“When the government moved to prosecute Ellsberg, we felt no obligation to assist him,” Max Frankel, who was The Times’s Washington bureau chief at the time, recalled the other day. “He was committing an act of civil disobedience and presumably knew that required accepting the punishment. We were privately pleased that the prosecution overreached and failed, but we did not consider ourselves his partner in any way.”

The most important thing that would not be much different if The Times had been his outlet would be Manning’s legal liability. The law provides First Amendment protection for a free press, but not for those who take an oath to protect government secrets. This administration has a particular, chilling intolerance for leakers — and digital footprints make them easier to catch these days — but I can’t imagine that any administration would have hesitated to prosecute Manning.

But if Manning had been our direct source, the consequences might have been slightly mitigated. Although as a matter of law I believe WikiLeaks and The New York Times are equally protected by the First Amendment, it’s possible the court’s judgment of the leaker might be colored by the fact that he delivered the goods to a group of former hackers with an outlaw sensibility and an antipathy toward American interests. Will that cost Manning at sentencing time? I wonder. And it might explain the piling on of maximum charges. During pretrial, the judge, Col. Denise Lind, asked whether the prosecution would be pressing the same charges if Manning had leaked to The Times. “Yes, Ma’am,” was the reply. Maybe so. But I suspect the fact that Manning chose the anti-establishment WikiLeaks as his collaborator made the government more eager to add on that dubious charge of “aiding the enemy.”

If Manning had delivered his material to The Times, WikiLeaks would not have been able to post the unedited cables, as it ultimately did, heedless of the risk to human rights advocates, dissidents and informants named therein. In fact, you might not have heard of WikiLeaks. The group has had other middling scoops, but Manning put it on the map.

And, finally, if he had dealt with The Times, maybe we would better understand Bradley Manning. Lionized by WikiLeaks and his fan base as a whistle-blower and martyr, cast by his prosecutors as a villainous traitor, he has become dueling caricatures. Until the court proceedings, the only window into Manning’s psyche was the voluminous transcript of his online chats with the ex-hacker, Adrian Lamo, published by Wired magazine. It portrays a young man, in his own words, “emotionally fractured” — a gay man in an institution not hospitable to gays, fragile, lonely, a little pleased with his own cleverness, a little vague about his motives. His political views come across as inchoate. When asked, he has trouble recalling any specific outrages that needed exposing. His cause was “open diplomacy” or — perhaps in jest — “worldwide anarchy.”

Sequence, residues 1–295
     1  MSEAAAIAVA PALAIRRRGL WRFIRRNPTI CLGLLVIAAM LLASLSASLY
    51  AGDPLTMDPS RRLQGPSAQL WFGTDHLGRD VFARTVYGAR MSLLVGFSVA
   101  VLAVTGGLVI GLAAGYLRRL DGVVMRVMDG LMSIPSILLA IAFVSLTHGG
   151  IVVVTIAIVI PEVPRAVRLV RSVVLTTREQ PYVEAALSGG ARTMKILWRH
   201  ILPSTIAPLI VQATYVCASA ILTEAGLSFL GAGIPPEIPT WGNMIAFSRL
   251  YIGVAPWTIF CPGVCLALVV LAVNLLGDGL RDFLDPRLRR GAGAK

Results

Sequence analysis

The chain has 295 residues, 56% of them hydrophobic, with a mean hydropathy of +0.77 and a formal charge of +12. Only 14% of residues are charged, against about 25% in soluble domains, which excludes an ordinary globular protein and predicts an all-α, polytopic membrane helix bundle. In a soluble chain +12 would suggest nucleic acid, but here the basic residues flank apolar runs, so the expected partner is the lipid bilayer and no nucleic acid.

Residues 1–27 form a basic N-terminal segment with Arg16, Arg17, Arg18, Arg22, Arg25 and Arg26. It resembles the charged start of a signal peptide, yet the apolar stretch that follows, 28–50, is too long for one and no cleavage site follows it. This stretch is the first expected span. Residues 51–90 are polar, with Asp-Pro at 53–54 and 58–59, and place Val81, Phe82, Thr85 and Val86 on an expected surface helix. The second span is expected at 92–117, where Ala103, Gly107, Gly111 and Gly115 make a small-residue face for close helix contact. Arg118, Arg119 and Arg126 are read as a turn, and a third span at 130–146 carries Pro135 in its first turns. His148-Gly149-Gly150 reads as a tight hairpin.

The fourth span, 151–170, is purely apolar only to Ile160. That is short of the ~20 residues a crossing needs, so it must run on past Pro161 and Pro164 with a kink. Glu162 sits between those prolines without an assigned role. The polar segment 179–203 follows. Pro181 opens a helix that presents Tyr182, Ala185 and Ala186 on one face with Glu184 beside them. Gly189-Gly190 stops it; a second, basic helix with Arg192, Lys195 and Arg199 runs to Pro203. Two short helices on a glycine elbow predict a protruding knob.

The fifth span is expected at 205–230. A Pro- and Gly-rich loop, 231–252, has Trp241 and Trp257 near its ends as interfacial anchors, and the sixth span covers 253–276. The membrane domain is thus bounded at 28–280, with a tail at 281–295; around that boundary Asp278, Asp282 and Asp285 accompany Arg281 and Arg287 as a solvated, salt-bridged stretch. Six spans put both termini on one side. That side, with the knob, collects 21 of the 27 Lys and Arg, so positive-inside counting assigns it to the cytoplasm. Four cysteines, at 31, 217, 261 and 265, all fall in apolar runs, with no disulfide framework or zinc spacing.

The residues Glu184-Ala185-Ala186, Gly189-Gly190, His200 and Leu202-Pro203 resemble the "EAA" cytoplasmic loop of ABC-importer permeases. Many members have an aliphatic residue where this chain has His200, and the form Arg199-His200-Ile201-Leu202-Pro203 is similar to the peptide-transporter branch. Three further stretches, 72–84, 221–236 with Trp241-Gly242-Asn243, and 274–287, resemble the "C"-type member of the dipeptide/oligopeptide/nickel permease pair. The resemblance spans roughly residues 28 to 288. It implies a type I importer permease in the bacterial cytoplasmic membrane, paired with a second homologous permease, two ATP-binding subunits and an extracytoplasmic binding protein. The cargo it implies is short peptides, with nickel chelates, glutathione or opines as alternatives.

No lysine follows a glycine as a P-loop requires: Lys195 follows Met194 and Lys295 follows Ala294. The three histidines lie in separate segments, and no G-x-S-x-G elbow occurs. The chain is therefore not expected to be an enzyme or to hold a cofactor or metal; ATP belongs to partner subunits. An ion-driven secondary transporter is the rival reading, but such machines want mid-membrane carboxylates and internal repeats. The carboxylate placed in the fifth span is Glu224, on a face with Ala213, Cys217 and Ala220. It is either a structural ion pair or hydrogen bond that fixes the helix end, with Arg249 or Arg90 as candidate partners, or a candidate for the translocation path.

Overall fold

At Fort Meade, Manning delivered a more coherent explanation of what drove him. Appalled by the human collateral damage of counterterrorism and counterinsurgency, he says, he set out to “document the true cost of the wars in Iraq and Afghanistan.” Intrigued by his reading of State Department cables, he felt a need to let taxpayers in on the “backdoor deals and seemingly criminal activity” that are the dark underside of diplomacy. Was this sense of mission there from the start, or was it shaped afterward by the expectations of the Free Bradley Manning enthusiasts? The answer would probably make no difference to the court. But it might help determine history’s verdict.

Now here’s Prof. Krugman:

For three years and more, policy debate in Washington has been dominated by warnings about the dangers of budget deficits. A few lonely economists have tried from the beginning to point out that this fixation is all wrong, that deficit spending is actually appropriate in a depressed economy. But even though the deficit scolds have been wrong about everything so far — where are the soaring interest rates we were promised? — protests that we are having the wrong conversation have consistently fallen on deaf ears.

What’s really remarkable at this point, however, is the persistence of the deficit fixation in the face of rapidly changing facts. People still talk as if the deficit were exploding, as if the United States budget were on an unsustainable path; in fact, the deficit is falling more rapidly than it has for generations, it is already down to sustainable levels, and it is too small given the state of the economy.